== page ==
Original J. Henry & Son Saber Rifle, only 70 made
One of the 70 Saber Rifles made
between October/November 1861, J. Henry & Son provided these to the Catasanga Home Guard, an unidentified Pennsylvania Militia Unit. This example is in great condition, mechanically sound, with the distinctive J. Henry & Sons stamp on the lock plate and top of barrel. Due to a lack of a number on the barrel, this weapon was made without a matching saber bayonet when sold to the Home Guard.
In Depth Look:
The gunmaking firm of J. Henry & Son was established by
William Henry in Lancaster, PA, prior to the French & Indian War.
During that era Henry produced arms for the use of British colonial
militiamen, and even took the field himself as an armorer during the
campaign to recapture Fort Duquesne during 1758. In the years after the
French & Indian War, he served as a delegate to the Continental
Congress. By about 1760 he had left the gun trade and become a
successful Lancaster based iron monger, but his son John Joseph Henry
took up the family gunmaking business sometime around 1775 and the firm
continued operation under his leadership until 1811, when John Joseph
Henry II took over. During the early 1800s, the firm relocated to
Boulton, PA. The firm became known generally as the Boulton Gun Works
(some references spell it â€œBoltonâ€). After John Josephâ€™s death, his son
James took over, and in 1859 Jamesâ€™ son Granville joined the firm and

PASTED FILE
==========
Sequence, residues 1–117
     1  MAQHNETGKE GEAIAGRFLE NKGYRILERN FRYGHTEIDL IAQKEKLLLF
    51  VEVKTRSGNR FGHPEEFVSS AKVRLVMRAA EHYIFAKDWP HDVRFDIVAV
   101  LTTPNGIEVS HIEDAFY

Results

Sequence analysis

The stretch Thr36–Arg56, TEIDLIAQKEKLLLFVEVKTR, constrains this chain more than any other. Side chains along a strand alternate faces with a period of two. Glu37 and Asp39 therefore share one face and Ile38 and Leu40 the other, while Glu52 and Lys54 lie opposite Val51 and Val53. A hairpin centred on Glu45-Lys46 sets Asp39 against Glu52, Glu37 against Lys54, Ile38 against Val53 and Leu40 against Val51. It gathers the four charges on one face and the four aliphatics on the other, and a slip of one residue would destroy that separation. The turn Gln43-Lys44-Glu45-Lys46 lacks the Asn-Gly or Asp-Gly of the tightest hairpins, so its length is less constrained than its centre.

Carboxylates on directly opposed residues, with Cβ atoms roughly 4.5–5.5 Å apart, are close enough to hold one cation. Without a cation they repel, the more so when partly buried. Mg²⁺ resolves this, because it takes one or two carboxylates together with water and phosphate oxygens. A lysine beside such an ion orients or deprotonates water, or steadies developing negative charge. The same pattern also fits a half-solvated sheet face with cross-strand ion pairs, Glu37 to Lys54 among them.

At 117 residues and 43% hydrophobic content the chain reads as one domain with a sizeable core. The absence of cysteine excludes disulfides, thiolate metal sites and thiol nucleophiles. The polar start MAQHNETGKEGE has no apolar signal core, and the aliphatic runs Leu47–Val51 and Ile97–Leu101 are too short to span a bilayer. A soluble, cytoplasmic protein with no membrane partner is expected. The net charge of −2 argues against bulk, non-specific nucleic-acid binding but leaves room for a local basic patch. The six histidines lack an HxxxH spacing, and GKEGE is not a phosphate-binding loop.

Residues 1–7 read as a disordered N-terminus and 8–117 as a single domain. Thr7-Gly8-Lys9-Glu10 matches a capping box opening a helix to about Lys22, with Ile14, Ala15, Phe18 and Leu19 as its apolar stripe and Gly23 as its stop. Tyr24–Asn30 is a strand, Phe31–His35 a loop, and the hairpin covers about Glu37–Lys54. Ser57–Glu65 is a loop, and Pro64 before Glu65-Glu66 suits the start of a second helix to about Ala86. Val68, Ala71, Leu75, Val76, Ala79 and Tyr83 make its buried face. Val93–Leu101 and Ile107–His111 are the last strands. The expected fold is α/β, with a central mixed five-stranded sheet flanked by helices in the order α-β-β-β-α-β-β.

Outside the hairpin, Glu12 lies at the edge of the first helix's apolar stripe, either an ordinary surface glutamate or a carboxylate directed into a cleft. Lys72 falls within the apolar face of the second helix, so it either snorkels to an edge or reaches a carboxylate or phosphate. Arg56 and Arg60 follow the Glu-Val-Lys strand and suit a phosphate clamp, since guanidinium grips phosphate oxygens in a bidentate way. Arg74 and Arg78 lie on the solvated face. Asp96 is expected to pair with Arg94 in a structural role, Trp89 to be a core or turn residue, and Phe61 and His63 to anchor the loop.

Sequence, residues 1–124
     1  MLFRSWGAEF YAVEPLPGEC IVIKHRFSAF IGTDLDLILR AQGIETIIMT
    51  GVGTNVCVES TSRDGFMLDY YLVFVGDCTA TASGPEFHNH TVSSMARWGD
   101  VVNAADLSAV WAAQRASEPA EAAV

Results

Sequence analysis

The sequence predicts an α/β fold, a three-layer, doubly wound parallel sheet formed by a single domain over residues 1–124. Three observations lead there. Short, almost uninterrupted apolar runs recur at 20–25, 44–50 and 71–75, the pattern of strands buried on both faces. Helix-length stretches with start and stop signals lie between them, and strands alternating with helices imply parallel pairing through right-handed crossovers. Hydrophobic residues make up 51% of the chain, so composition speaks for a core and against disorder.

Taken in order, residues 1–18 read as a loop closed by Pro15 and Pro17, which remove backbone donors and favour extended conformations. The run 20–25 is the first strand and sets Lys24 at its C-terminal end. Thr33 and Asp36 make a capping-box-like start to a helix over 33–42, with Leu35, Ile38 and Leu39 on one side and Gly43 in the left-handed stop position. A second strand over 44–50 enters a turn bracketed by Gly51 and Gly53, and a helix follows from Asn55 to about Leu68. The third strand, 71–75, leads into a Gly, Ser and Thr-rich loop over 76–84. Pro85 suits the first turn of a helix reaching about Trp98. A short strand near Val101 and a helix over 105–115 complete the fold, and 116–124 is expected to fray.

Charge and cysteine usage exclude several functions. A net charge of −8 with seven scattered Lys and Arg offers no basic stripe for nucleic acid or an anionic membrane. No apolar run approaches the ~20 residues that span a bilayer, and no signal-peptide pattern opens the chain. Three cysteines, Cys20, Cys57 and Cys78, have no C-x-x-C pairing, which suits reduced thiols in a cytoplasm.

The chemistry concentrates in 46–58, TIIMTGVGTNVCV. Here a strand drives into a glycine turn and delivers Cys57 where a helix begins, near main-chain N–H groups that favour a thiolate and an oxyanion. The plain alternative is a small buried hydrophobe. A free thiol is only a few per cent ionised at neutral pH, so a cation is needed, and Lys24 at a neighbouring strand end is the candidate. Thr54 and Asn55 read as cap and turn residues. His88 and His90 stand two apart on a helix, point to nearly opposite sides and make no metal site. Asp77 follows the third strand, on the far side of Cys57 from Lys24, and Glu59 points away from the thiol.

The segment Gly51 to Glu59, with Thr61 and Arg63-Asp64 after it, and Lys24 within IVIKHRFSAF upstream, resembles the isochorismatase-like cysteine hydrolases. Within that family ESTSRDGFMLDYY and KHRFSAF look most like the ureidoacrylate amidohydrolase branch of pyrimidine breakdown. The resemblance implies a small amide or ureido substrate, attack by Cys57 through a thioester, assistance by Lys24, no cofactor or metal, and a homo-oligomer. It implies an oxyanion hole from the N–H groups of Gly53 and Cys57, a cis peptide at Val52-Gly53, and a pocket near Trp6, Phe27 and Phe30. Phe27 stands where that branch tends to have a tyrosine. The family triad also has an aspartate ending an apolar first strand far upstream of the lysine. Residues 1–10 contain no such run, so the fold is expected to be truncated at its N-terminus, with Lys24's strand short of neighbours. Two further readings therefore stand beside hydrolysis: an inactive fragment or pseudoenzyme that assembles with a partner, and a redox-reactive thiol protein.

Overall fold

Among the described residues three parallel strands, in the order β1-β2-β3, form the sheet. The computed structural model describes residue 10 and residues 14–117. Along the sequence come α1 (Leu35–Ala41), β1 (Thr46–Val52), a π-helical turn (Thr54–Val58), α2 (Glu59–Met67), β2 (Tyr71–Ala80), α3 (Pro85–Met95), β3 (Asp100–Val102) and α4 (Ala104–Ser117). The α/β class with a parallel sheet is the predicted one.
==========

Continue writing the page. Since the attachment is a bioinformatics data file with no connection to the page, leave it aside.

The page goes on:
the name was changed to â€œJ. Henry & Sonâ€. During their nearly six
decades in business prior to the name change, the Henry family had
produced guns for the new United States government, for the states of
Pennsylvania, Delaware and Maryland and numerous fur trading companies
engaged in commerce with the many American Indian tribes. They also
worked as manufacturers for other gunmakers and retailers like Philip S.
Justice of Philadelphia, selling that firm both completed arms and
parts to manufacture arms from. It is also likely that the Henry firm
provided gun parts to other local Pennsylvania gunmakers like John
Krider and possibly Henry Leman. With the coming of the American Civil
War, and the calling for 100,000 volunteers to suppress the rebellion,
(not to mention the calling out of Pennsylvania militia units for the
defense of the state) Henry looked to produce military arms to cash in
on the need for guns. He produced two patterns of military style rifles
and a cadet musket. The rifles were offered with either a socket or a
saber bayonet, and were known respectively in the Henry company records
as â€œMiniÃ© Riflesâ€ or â€œSaber Riflesâ€. Both
patterns of arms were brass mounted rifles with 35â€ barrels in .58
caliber. Most had a unique â€œrecurvedâ€ trigger guard that is commonly
associated with the arms made (or sold) by both Henry and P.S. Justice.
It appears that much of the brass furniture was probably obtained from
Bernard Leman of Philadelphia in 1861. It is not clear if both Henry and
Justice purchased brass furniture from him or if Justice acquired the
parts from Henry. Both patterns of Henry rifle also included a brass
patchbox that is also associated with arms made by Justice and Krider.
It appears that these patch boxes were left over parts purchased from
the Sharps Firearms Manufacturing Company of Philadelphia. In 1859
Sharps had transitioned from brass mountings to iron mountings, and
apparently a large number of brass patchboxes in varying states of
manufacture were sold as unneeded surplus. It appears that the 285 â€œMiniÃ© Riflesâ€
produced by Henry during the summer of 1861 were sold almost entirely
to Justice, who sold them to the US government to help satisfy his
contract for rifles. However, Henry sold 40 of these rifles to the